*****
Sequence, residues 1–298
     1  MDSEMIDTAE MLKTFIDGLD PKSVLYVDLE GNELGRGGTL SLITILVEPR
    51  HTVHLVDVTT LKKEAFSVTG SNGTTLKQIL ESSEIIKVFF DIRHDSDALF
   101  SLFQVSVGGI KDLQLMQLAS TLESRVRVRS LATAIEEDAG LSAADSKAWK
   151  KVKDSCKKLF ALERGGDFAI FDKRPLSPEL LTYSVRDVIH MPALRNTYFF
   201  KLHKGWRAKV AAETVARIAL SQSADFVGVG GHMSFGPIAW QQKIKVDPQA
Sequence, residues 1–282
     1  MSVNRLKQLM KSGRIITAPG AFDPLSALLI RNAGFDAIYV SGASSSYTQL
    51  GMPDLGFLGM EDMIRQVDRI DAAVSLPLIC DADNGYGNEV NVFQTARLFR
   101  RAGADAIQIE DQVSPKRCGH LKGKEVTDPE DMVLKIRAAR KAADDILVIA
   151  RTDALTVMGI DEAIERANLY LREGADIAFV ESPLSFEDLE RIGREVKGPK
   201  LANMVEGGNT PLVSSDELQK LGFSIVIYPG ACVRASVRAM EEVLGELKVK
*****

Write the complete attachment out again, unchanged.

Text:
Sequence, residues 1–298
     1  MDSEMIDTAE MLKTFIDGLD PKSVLYVDLE GNELGRGGTL SLITILVEPR
    51  HTVHLVDVTT LKKEAFSVTG SNGTTLKQIL ESSEIIKVFF DIRHDSDALF
   101  SLFQVSVGGI KDLQLMQLAS TLESRVRVRS LATAIEEDAG LSAADSKAWK
   151  KVKDSCKKLF ALERGGDFAI FDKRPLSPEL LTYSVRDVIH MPALRNTYFF
   201  KLHKGWRAKV AAETVARIAL SQSADFVGVG GHMSFGPIAW QQKIKVDPQA
Sequence, residues 1–282
     1  MSVNRLKQLM KSGRIITAPG AFDPLSALLI RNAGFDAIYV SGASSSYTQL
    51  GMPDLGFLGM EDMIRQVDRI DAAVSLPLIC DADNGYGNEV NVFQTARLFR
   101  RAGADAIQIE DQVSPKRCGH LKGKEVTDPE DMVLKIRAAR KAADDILVIA
   151  RTDALTVMGI DEAIERANLY LREGADIAFV ESPLSFEDLE RIGREVKGPK
   201  LANMVEGGNT PLVSSDELQK LGFSIVIYPG ACVRASVRAM EEVLGELKVK